‘Yes, sir. Will your guest be staying, sir?’

     Lang look at the pitiful figure by the fire. ‘Er, yes. Yes he will. Do we have any guest rooms ready?’

     ‘The Blue Room is ready, sir.’

     ‘Good, good . . . Thank you.’

     ‘Not sure I should stay here, Geoffrey. Might not be safe.’

     ‘Don’t be ridiculous. You’re quite safe here.’

     ‘I mean in case anyone comes.’

     ‘Anyone comes?  . . . Who on earth is going to come, Marcus?’

     ‘Is there somewhere else I can stay?’

     ‘Excuse me, Your Lordship.’

     ‘Yes, Connor?’

     ‘Perhaps Sir Marcus could use one of the shooting lodges, sir?’

     Romford nodded. ‘Yes, yes. That’s sound good. Where is it?’

     ‘The nearest one is about a mile and a half around the other side of the lake,’ said Lang.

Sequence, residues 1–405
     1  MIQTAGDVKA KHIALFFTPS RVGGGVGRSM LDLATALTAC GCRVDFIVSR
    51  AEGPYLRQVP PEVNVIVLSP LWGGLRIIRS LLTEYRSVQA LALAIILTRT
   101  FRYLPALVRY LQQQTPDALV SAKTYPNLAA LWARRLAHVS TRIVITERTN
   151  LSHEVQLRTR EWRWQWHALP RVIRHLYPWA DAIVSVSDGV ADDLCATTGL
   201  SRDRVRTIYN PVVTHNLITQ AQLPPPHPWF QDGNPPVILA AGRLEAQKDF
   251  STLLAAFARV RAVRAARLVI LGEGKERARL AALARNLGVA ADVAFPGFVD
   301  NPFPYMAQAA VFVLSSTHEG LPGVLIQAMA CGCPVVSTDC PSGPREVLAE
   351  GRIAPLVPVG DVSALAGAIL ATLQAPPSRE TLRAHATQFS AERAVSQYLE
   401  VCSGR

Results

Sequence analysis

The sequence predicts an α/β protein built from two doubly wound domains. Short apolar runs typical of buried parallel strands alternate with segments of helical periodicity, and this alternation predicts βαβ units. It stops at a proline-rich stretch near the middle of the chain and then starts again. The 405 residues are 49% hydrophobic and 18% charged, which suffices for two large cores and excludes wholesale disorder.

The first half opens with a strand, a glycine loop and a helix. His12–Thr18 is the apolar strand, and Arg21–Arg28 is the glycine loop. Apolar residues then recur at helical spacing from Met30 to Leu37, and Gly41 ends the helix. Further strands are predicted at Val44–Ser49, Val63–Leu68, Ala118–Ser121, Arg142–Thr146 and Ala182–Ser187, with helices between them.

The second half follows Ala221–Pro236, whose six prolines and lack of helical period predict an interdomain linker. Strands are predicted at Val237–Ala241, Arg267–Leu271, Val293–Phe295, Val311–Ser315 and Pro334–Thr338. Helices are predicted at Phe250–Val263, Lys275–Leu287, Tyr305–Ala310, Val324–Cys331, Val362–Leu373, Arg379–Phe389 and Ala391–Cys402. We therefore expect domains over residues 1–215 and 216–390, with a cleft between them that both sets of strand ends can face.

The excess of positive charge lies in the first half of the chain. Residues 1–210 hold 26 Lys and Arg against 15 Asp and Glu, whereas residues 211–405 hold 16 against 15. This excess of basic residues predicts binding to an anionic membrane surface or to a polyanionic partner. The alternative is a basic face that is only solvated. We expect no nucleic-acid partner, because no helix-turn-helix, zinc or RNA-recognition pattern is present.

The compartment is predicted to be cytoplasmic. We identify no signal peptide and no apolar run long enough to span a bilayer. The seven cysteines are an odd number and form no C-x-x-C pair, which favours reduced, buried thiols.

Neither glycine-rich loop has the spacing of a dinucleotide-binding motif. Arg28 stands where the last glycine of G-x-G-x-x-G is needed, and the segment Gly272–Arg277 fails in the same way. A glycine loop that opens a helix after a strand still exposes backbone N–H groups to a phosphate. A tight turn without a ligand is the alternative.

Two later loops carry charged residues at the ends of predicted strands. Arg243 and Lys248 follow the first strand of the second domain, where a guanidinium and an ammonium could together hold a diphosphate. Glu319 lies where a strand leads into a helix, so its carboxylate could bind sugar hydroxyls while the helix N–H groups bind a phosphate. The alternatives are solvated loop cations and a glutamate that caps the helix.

‘That’ll do if you don’t mind.’

     ‘Very well . . . if that’s what you want but I think you’d be more comfortable here.’

     ‘I’ll be fine.’

     ‘I’ll drive Sir Marcus round when he’s ready, sir.’

     ‘Thank you, Connor . . . Sorry to keep you from your bed.’

     ‘Not at all, sir. My pleasure. All sound very exciting.’

     ‘We’ll call when he’s ready to go.’

     ‘Very good, sir.’

      Lang poured the tea. ‘Sit down, Marcus . . . before you fall down.’ He picked up a decanter and brandy balloon from the sideboard and placed them in front of the still shivering Romford. Then he passed him a cup. ‘Tea first,’  then nodding to the decanter said, ‘then a stiff one of those.’

     Romford swallowed a mouthful of tea, flinching slightly as the hot liquid ran down his throat. He took another mouthful, the heat welcome in his belly.

     Lord Lang gave the fire a poke and the flames grew bigger. Then he took a seat opposite his unexpected guest. ‘Now what’s this all about, Marcus?’